Heart disease is the leading cause of death in the United States, according to the Centers for Disease Control and Prevention, accounting for about 25 percent of all deaths in the country.
If you have a family history of heart disease, there’s a greater chance that you’ll also have cardiovascular issues.
The American Heart Association (AHA) reports that certain ethnic groups are at increased risk for conditions that lead to cardiovascular disease. African Americans have the highest rate of high blood pressure in the world and a high rate of diabetes. The AHA also estimates that one in three Hispanic adults have high blood pressure, and about half suffer from high cholesterol. Knowing these statistics can help you better understand your own risks.
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Heart Disease in Families: What Should You Discuss with Your Doctor?
Tell your doctor if your family — especially grandparents, parents, or siblings — has or had heart disease. A family history of cardiovascular disease is something that may warrant additional testing or monitoring.
It’s also important to share your blood relatives’ history of diabetes, high cholesterol, or other related conditions. However, these are risk factors — along with high blood pressure and obesity — that you can control.
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Maintaining Your Cardiovascular Health
Heart disease can be hereditary in part, but behavior can modify your risk significantly. The U.S. National Library of Medicine recommends taking these steps:
- Quit smoking: Using tobacco products increases your risk of developing cardiovascular disease and stroke.
- Manage your blood pressure: High blood pressure puts you at greater risk for cardiovascular problems. Get your blood pressure checked at least once a year. If there’s a problem, your doctor can recommend ways to lower it.
- Watch your cholesterol levels: Cholesterol can clog your arteries and cause coronary artery disease or heart attack. If you’re unable to manage your cholesterol levels with diet and lifestyle changes, they can be controlled by medicines.
- Control your diabetes: If you have diabetes, your risk of heart disease doubles. Uncontrolled diabetes can damage your blood vessels and nerves. Maintaining proper blood sugar levels helps care for your heart.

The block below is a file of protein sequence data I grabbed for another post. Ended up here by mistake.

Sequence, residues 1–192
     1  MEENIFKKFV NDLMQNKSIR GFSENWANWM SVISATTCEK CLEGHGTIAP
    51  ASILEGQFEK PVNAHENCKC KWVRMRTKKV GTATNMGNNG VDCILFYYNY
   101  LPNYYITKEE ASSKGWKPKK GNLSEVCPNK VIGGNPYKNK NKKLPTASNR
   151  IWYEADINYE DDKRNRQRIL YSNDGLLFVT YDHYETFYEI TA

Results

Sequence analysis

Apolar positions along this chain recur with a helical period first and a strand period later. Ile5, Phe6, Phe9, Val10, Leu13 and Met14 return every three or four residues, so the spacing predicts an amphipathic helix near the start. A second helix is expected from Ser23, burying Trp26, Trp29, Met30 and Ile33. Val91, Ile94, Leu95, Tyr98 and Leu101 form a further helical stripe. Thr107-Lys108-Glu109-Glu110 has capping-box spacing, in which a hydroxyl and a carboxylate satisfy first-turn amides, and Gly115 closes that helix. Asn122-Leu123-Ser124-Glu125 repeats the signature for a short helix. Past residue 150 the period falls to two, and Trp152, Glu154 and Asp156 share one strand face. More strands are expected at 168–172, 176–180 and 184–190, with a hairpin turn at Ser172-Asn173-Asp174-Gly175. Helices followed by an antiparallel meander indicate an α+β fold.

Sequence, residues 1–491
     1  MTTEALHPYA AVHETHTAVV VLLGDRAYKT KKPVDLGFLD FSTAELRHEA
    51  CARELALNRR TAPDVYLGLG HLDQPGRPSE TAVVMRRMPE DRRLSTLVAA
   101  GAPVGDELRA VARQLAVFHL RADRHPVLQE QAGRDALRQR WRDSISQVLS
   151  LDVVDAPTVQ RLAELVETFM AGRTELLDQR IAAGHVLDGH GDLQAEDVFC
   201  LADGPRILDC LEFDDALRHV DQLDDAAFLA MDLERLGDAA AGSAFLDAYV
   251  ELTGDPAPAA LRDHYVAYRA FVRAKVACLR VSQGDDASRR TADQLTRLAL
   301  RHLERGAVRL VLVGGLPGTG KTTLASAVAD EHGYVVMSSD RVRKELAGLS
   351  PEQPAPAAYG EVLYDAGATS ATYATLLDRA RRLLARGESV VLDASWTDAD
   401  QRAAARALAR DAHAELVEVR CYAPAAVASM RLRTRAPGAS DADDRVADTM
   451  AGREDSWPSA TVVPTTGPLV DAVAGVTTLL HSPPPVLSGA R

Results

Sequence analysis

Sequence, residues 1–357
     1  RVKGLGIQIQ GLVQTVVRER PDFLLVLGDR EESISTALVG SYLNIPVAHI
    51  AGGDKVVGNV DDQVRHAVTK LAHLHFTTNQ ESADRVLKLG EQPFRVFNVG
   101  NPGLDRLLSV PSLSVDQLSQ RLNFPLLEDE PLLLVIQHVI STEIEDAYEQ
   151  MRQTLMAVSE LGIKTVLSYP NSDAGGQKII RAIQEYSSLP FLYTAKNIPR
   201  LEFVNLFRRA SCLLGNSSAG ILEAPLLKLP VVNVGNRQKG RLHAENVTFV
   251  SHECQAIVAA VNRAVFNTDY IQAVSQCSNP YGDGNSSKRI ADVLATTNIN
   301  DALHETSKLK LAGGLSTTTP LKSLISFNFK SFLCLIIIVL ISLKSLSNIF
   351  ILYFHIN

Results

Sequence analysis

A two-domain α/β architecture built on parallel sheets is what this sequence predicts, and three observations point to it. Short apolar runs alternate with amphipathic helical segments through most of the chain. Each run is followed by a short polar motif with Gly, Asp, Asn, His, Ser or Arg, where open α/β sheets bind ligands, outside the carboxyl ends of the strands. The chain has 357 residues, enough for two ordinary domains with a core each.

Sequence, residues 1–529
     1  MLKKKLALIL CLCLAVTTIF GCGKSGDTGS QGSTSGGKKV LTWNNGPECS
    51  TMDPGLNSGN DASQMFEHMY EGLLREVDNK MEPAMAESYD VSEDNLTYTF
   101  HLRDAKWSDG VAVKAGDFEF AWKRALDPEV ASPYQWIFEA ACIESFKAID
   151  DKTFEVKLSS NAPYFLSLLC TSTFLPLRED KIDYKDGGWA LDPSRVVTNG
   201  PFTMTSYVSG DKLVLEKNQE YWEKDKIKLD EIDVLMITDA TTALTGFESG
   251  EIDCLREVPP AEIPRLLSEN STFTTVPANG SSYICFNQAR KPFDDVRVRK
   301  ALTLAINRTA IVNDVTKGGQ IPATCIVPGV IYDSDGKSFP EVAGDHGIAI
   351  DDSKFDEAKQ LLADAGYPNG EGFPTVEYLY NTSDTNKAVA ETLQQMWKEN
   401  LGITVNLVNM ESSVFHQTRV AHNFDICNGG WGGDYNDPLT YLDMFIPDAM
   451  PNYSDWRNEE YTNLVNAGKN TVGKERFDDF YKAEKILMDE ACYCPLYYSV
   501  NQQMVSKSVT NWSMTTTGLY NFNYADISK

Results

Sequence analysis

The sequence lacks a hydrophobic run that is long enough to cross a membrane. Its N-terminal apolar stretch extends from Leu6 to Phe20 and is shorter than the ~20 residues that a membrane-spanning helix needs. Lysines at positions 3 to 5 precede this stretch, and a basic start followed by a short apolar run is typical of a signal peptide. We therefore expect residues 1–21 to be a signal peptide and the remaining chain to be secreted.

- Exercise regularly: What better way to strengthen your heart than by exercising? Cardio and strength training improve circulation and heart health and help you maintain a healthy weight.
- Consider other lifestyle changes: By limiting your alcohol consumption, managing stress, and getting proper sleep, you’ll help your heart support your whole body. These lifestyle factors can have a positive impact on your overall health.
- Eat a healthy diet and maintain a healthy weight: Obesity and excess weight contribute to diabetes, high cholesterol, and high blood pressure. A diet high in whole grains, vegetables and fruits— with less alcohol and fewer processed foods — is better for your body and your heart.
Schedule regular visits with your doctor to make sure you’re doing all you can to maintain your cardiac health.
Warning Signs for Heart Attacks and Strokes
Heart attacks and strokes are life-and-death emergencies where every second counts. If you experience any of these symptoms, call 911 immediately:
- Common heart attack symptoms include chest discomfort — pressure, tightness, fullness, or pain — that lasts for more than a few minutes or goes away and returns. You may also experience shortness of breath and pain or discomfort in your arms, back, jaw, stomach, or neck. Other symptoms include breaking out in a cold sweat or feeling lightheaded or nauseated.
- Stroke symptoms include sudden numbness or weakness of the face, arm, or leg, especially on one side of the body, plus difficulty walking and trouble speaking.
The UPMC Heart and Vascular Institute has long been a leader in cardiovascular care, with a rich history in clinical research and innovation. As one of the first heart transplant centers in the country and as the developer of one of the first heart-assist devices, UPMC has contributed to advancing the field of cardiovascular medicine.